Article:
Mr. Speaker, I rise today in very strong support of the bill as reported back by the Standing Committee on Justice and Human Rights, which I chair.
I rise today in fervent opposition to the amendments brought forward by the member for Edmonton Centre. When the member for Edmonton Centre put forward these amendments, he stated that they had not been considered by the Standing Committee on Justice and Human Rights, which is true. They had not been considered because they would have been non-receivable at committee.
One does not move at committee to strike a clause. One votes against the clause when it is before the committee. Members of the Liberal Party, the Conservative Party, and the NDP on the committee heard the evidence and all of them decided to vote in favour of those clauses, thus rejecting the proposed amendments being put forward by the member for Edmonton Centre. I can only say that I hope the House considers the hard work done by the committee and the testimony of the witnesses who appeared before committee who told us how important this legislation is.
Do members know that 12% of Canadian women will one day be diagnosed with breast cancer? That sounds horrible, but if a woman has the BRCA1 mutation, she has a 65% chance of developing breast cancer by the age of 70. If a woman has the BRCA2 mutation, she has a 45% chance of developing breast cancer by the age of 70. There is also more than a 30% increase in the chance of ovarian cancer. These are dangerous things.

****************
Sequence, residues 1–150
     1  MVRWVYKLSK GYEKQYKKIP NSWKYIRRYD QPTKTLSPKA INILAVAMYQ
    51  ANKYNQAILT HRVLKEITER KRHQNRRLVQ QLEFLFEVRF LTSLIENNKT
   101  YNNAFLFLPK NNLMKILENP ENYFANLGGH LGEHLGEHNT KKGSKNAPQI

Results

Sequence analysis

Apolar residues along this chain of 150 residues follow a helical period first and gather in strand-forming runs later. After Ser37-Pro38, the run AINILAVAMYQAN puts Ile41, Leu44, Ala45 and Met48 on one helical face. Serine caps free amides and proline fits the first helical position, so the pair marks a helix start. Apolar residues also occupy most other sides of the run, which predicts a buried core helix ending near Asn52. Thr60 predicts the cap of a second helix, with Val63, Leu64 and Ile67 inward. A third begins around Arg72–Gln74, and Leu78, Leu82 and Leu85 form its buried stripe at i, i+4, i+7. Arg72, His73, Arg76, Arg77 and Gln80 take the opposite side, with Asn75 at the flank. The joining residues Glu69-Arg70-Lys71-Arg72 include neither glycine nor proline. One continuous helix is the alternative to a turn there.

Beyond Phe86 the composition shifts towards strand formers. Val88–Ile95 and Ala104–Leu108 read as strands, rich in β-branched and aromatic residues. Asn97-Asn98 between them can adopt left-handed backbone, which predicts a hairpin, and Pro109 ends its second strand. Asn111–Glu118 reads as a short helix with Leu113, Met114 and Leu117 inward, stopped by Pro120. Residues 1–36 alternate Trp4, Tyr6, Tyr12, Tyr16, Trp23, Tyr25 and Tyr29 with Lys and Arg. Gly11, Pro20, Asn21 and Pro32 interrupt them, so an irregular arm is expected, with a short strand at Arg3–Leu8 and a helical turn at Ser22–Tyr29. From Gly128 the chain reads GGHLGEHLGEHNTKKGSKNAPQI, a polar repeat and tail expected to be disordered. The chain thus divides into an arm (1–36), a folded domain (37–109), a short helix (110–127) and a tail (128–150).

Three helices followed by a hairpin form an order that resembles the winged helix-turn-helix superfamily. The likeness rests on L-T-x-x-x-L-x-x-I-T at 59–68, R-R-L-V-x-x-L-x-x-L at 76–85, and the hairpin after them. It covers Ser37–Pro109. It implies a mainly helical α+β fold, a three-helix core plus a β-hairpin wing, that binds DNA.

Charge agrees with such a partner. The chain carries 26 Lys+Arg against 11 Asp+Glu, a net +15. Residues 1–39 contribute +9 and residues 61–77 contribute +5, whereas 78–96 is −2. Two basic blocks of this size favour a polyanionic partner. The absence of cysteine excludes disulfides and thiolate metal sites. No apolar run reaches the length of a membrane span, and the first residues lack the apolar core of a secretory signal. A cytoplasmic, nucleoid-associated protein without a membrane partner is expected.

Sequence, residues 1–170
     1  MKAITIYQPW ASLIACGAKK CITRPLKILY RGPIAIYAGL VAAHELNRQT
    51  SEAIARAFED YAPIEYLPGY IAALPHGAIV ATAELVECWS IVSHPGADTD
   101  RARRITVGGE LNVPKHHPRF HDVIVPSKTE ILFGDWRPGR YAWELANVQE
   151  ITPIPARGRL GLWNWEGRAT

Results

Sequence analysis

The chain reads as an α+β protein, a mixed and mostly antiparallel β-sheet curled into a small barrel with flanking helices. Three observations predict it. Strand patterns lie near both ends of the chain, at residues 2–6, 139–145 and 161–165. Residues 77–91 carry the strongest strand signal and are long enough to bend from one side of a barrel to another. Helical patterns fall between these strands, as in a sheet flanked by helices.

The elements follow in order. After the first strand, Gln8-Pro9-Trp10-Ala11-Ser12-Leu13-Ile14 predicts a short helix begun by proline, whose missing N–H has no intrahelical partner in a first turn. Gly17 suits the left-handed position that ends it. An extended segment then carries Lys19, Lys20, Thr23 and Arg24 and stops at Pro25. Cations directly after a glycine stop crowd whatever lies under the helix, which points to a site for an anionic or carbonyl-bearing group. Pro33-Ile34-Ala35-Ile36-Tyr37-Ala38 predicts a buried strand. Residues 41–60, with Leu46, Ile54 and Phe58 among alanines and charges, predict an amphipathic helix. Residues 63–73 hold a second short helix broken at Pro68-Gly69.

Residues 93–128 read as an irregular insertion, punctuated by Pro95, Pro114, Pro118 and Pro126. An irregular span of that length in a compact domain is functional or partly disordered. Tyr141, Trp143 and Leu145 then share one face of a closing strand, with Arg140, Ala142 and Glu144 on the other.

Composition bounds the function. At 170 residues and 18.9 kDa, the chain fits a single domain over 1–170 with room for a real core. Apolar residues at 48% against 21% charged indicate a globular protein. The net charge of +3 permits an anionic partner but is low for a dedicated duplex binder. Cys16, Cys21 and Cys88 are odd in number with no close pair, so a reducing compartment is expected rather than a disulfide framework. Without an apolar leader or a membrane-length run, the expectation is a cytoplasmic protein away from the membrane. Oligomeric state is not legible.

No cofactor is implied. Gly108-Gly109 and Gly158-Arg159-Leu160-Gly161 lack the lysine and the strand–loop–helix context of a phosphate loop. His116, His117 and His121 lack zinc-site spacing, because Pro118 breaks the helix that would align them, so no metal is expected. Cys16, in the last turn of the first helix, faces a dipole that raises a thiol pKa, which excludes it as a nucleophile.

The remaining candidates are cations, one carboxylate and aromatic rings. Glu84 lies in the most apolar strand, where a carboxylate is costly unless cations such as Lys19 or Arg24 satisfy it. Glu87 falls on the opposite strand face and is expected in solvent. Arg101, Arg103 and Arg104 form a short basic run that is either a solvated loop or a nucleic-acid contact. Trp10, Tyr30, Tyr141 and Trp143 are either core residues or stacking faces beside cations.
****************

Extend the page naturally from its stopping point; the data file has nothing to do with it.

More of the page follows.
Imagine, if we can, that a 35-year-old woman's 40-year-old sister was just diagnosed with breast cancer and told that she has the BRCA1 gene. There is a history in their family of breast cancer. Their grandmother died of it, and so did their aunt. They are of Ashkenazi Jewish descent, which means they have a one in 40 chance of having this mutation, as opposed to a one in 800 chance in the general population.
There is a test available, easily accessible, to determine whether a woman has the BRCA mutation. It would stand to reason, would it not, that a woman would have this test done. After all, if she found out she was negative, she would breathe a huge sigh of relief, and if she found out she was positive, she could take preventive action. She could get enhanced screening. She could go on the birth control pill, which reduces the chance of developing breast cancer. Alternatively, she could have a radical mastectomy, which drastically reduces a woman's risk of getting breast cancer. There are other types of surgery as well.
It would stand to reason that it would be an easy decision, but in Canada, the decision is not so easy. The Standing Committee on Justice and Human Rights and the Senate committee before it heard testimony from people in this situation who chose not to have the screening. Among the reasons was that if a woman was looking for a job, she was afraid that a future employer would not hire her if she disclosed the result of this genetic test. A woman may have young children and be worried she would not get life insurance, disability or long-term care insurance or the insurers would charge her prohibitive rates which she could not pay. Women would worry knowing they have this gene merely because of discrimination, not only for them but close family members, perhaps their children.
Canadians should never have to worry about a decision that could save their lives. Medical professionals who testified before the justice committee said that a significant number of people in this situation refuse to be tested, like the 35-year-old woman I just described in getting a job, getting insurance, and then dying of breast cancer at age 40 because she was not screened for the gene and did not take preventive measures.
People should not die in Canada because they are afraid to take a genetic test. This does not happen in other countries. Laws exist to prohibit genetic discrimination in most of the western world. Criminal sanctions exist to prevent this in France, Austria, Germany, Norway, and Israel, among other countries.